If you're seeing this message, it means we're having trouble loading external resources on our website.

If you're behind a web filter, please make sure that the domains *.kastatic.org and *.kasandbox.org are unblocked.

# Introduction to average rate of change

What's the average rate of change of a function over an interval?

## Want to join the conversation?

• This is probably a silly question, but why do you need differential calculus to find the instantaneous slope of the line? Why couldn't you just look at it like:
y = mx+b
y = t^2+1 which is the same as y = t * t + 1
t = m = slope of the line at time = t? • It's impossible to determine the instantaneous rate of change without calculus. You can approach it, but you can't just pick the average value between two points no matter how close they are to the point of interest. If you zoom in you'd see that the curve before the point of interest is different from the curve after the point of interest.
That being said, a close approximation may provide a good enough answer for your work.
• While finding average of numbers,etc., we usually add up all those and divide by their count,but in here to find the average speed, we are actually taking up the slope formula.Would anyone please explain . Or am I thinking it in a wrong way? • On a position-time graph, the slope at any particular point is the velocity at that point. This is because velocity is the rate of change of position, or change in position over time. Here, the average velocity is given as the total change in position over the time taken (in a given interval).

Using your idea of an average, to find the average velocity we'd want to measure the velocity at a bunch of (evenly spaced) points in that interval, and find the average of those. The question you might ask then would be: how many points should we take?

If we just took 2 points (the start and the end), we might get some idea of the average but this would likely be a bad representation of the true average. If the car started off stationary and ended stationary, its velocity is zero at those two points, which would suggest it's average velocity was zero - that can't be right! By taking just two points, we lost all the information about what happened between those points.

So we have to take some more points, and the more points we take, the more information we take into account, and so the closer our estimation should get to the actual answer. In fact, it seems like if we were able to take an infinite number of points we'd get the most accurate value possible. But since infinity is hard to do, let's just use a "large" number instead. So now we have two ways of finding an average velocity, Sal's way and your way. So you now may ask, what's the difference, what makes his way right and my way wrong? In fact, there is no difference, the two ways will give exactly the same answer!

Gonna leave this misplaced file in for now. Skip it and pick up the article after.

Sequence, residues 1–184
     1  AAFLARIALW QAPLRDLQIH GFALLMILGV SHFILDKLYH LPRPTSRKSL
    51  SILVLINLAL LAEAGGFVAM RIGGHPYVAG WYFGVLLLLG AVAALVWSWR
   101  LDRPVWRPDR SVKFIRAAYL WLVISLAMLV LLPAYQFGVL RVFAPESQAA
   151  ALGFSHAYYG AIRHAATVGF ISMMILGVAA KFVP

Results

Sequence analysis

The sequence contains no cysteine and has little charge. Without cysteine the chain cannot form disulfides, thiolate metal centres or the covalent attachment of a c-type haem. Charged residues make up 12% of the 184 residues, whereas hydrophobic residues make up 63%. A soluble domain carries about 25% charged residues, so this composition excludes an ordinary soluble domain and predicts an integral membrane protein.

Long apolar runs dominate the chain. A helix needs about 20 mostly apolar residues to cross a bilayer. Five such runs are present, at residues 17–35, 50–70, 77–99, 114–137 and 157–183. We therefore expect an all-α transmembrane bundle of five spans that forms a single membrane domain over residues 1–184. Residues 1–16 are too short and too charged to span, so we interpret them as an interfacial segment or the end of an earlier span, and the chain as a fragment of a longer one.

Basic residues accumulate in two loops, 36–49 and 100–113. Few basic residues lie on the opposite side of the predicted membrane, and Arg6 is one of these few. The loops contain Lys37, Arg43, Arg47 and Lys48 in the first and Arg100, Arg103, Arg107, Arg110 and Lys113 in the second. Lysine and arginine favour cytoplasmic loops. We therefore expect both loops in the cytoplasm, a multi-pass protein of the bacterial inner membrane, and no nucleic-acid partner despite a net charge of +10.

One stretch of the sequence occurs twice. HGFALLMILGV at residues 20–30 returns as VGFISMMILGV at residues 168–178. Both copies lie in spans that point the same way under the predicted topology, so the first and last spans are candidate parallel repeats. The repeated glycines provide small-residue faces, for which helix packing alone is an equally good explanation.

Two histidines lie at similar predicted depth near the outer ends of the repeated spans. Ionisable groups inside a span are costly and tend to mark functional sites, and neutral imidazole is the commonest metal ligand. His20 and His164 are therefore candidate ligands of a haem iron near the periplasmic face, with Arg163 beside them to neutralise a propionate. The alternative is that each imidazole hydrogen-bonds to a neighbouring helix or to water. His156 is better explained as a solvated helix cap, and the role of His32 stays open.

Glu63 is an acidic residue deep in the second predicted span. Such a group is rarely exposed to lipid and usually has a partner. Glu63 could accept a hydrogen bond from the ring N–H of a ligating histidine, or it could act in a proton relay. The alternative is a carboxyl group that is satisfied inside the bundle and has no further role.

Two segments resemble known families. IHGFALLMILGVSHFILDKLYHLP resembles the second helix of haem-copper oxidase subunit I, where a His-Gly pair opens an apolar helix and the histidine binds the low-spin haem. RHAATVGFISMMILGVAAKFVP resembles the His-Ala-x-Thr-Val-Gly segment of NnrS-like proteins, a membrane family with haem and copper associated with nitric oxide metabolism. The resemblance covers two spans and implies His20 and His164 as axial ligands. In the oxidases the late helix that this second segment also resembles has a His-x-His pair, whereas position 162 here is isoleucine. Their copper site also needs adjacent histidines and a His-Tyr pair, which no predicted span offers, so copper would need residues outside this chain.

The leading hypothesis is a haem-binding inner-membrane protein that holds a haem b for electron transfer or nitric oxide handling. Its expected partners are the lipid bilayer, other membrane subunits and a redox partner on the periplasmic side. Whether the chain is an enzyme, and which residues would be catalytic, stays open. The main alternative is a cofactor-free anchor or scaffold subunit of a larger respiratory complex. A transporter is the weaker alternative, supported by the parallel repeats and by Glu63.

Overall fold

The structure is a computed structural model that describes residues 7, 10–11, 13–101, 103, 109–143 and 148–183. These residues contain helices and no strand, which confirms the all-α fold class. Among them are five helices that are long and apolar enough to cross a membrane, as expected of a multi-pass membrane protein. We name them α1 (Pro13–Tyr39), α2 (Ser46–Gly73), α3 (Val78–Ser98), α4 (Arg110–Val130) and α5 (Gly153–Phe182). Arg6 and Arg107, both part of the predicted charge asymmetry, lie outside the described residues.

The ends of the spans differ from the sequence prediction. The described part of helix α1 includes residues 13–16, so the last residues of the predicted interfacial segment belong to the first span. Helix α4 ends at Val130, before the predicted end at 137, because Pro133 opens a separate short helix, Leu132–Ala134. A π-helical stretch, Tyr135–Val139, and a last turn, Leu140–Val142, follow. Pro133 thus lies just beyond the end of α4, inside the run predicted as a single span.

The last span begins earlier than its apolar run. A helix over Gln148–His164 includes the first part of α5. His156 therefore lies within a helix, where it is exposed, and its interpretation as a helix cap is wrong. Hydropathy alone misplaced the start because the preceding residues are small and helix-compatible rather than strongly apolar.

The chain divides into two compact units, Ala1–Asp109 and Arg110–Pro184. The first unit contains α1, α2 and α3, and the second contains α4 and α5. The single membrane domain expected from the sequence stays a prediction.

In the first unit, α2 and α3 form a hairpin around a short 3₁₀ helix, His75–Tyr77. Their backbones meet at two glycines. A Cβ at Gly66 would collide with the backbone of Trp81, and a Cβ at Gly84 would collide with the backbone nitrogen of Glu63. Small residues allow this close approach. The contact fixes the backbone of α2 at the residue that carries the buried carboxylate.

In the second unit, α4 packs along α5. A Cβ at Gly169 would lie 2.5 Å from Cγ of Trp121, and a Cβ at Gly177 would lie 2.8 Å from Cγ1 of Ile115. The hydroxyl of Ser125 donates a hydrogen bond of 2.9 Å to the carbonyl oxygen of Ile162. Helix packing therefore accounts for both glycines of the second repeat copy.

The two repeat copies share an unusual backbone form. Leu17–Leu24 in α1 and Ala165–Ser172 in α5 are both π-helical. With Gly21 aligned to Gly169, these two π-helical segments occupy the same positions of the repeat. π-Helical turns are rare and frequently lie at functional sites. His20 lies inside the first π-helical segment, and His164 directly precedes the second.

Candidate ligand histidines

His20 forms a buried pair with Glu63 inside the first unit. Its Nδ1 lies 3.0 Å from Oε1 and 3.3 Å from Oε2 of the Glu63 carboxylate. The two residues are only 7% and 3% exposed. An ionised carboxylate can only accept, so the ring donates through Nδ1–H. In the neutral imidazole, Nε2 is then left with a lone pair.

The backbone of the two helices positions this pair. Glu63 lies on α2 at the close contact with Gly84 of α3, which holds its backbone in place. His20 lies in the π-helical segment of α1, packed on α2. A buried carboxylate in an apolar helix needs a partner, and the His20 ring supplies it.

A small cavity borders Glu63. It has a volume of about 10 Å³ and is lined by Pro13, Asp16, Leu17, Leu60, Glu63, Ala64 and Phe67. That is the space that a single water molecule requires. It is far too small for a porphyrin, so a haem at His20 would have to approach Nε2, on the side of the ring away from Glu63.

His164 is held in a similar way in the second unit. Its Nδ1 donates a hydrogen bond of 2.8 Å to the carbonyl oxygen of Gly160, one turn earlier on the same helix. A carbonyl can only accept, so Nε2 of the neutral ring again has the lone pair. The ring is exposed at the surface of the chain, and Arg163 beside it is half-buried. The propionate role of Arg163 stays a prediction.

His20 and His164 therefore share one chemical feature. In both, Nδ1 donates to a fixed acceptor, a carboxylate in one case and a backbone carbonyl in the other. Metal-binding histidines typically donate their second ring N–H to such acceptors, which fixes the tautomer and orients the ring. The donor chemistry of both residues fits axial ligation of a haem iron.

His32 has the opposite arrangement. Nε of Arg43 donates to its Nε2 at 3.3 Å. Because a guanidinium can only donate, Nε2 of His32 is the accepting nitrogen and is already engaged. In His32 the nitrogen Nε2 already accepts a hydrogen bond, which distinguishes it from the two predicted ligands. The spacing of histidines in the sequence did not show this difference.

An exact proof of this requires calculus or limits, but you could play around with this idea on paper or on a computer or even run some experiments to test this for yourself.
• • Why that line is called secant line? • Is the average rate of change really means"average"value of the slope?How can people just call it "average" rate of change? • Here is my answer, I hope I have understood your question.
Slope = Rate of Change
For a straight line, the slope is the exact rate of change.
We are using the, by now familiar, concept of the slope of a function whose output is a straight line to introduce how we can think about the rate of change of a function that is not a straight line.

Using the Δy/Δx idea, we choose two points on our non-linear graph of some function `f`, and draw a straight line (a secant line) to calculate the slope of this straight line. Now this is not the exact value of the slope of the curved line, but it is a reasonable average of the rate of change of `f` between the two values we selected.

In time, you will learn how to calculate the instantaneous rate of change of a curvy graph of some function - that is, the exact slope (via a tangent line) at a point on the graph. We can do this by finding the derivative of `f` (this is calculus), and then plugging in the x value for which we we want to know the slope, and out pops the instantaneous rate of change of f at x.
Here is a sneak peek:

Example:
Let `f(x)=x²`, the derivative of `f` is `f'(x)=2x`, so the slope of the graph, when `x=3`, for our example is `f'(3)=(2)(3) = 6`. This is the instantaneous rate of change of `f` at `x=3`.

Don't worry about all this differentiation stuff right now, but do study algebra to be able to take a pre-calculus course to get into the calculus.
• What relationship does a tangent line in graphs have with the tangent of a circle?How about secant lines? • This video has a mistake at the end. The d(x) for 3 is 10, not 9, and that makes the drawing more logical. • Hi! I was wondering what the ∆ symbol means and where it can be used. Thank you!
(1 vote) • At , Sal talks about slope-intercept form. Can anyone give me an explanation of what that is and how it can be used to find average rate of change.